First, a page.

Since I was selected on Saturday afternoon to fight the Richmond Park by-election for Labour, I have had to spend much time fielding tweets, emails and Facebook messages criticising the party for choosing to put up a candidate instead of leaving the Lib Dems to lead the battle against the faux independent Zac Goldsmith.
I want to lay to rest this idea once and for all and then focus on maximising the Labour vote. There are superficial arguments on not fielding a Labour candidate but they do not stand up to scrutiny. If there were to have been a “progressive alliance”, as suggested by some writers on LabourList, it would not have meant simply allowing the Lib Dems to put up their candidate, Sarah Olney, and expecting the rest of us to fall in line behind her. It would have involved negotiations and thrashing out a common line rather than expecting all non-Tories to vote for her.
Remember this is the Liberal Democrats who signed up to austerity, the bedroom tax, increased tuition fees and lots more that was unpalatable. And so it continues: Ms Olney was quoted recently as saying that she finds Theresa May “impressive”. The Lib Dems were prepared to go into government for their own cynical interests and voting for them now is not an option for many left-of-centre voters. That is why it is wrong simply to assume this is a simple arithmetical issue and that, when the count is made, if the Lib Dem and Labour votes combined were greater than Goldsmith’s total, then he would have lost had we withdrawn.
The Lib Dems are particularly disliked in Richmond and it was noticeable that when I was phoning Labour members to seek their support, many expressed support for having a candidate and were clear that they would never vote for a Lib Dem. These thousands of voters would have been disenfranchised by a decision to withdraw. Moreover, at the last election, there was a strong swing from Lib Dem to Labour and an equivalent swing would put us ahead of them. Therefore it is a lazy assumption to suggest that they are the only party that can beat Goldsmith.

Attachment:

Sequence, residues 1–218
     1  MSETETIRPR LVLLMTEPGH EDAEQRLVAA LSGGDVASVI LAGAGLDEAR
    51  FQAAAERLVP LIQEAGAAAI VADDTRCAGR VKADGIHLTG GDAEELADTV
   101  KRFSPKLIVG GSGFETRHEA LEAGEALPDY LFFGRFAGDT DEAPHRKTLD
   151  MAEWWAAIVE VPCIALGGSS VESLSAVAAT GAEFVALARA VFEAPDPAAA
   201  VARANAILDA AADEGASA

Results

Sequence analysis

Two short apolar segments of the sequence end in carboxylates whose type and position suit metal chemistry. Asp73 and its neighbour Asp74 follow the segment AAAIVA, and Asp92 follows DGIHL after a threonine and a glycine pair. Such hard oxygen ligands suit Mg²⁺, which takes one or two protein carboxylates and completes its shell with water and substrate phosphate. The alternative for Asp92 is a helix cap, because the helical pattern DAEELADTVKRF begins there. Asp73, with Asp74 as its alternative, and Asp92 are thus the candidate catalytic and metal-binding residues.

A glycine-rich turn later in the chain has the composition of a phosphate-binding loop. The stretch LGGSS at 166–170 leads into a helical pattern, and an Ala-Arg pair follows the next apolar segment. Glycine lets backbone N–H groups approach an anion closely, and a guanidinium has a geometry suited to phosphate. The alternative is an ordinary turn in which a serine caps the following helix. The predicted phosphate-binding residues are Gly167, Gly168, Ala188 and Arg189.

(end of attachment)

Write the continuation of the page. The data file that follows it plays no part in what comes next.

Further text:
If we, like the Greens, had decided not to field a candidate, then there would have been no anti-austerity voice in this by-election to highlight the damaging effect of this cruel government policy.
We can spread the message that not only has austerity brought anguish and despair and extreme hardship to those who can least bear it, it also makes no economic sense. What we need is government investment, not cuts, to kick-start the economy. Anyone with a basic understanding of economics can see this immediately.
Why would we deliberately opt out of a three-week high profile campaign which gives us an opportunity to demonstrate our renewed unity and our distinctive ideas? We can use this period as a crucial means to get across to the voters of Richmond and the whole nation what the Labour stands for and why people should be turning their backs on this vicious and nasty government.
We have a distinctive voice on Brexit, too. I have made clear that I would not vote for the enactment of Article 50 if it were a matter of giving the government a blank sheet of paper that could result in hard Brexit, soft Brexit or any old Brexit. Brexit is currently a meaningless amorphous concept and it needs to be challenged and we need to know what it means before we can decide how to vote. Yet, Ms Olney has made clear she would not challenge the enactment of Article 50.
Finally, this campaign is not only about Goldsmith. It would be cynical in the extreme for Labour to drop out simply because this is a chance to beat a Tory. The decision to fight the seat is a principled one and that is why we need Labour supporters to come to Richmond Park to help boost our vote.
We have three weeks to get the Labour message across – and this is what we all should to focus on. The issues are all there: Heathrow expansion, Brexit, austerity and housing, as well as lots of others. The Labour message on all these is loud and clear – let’s stop wasting valuable time in fruitless discussions and get on with the job.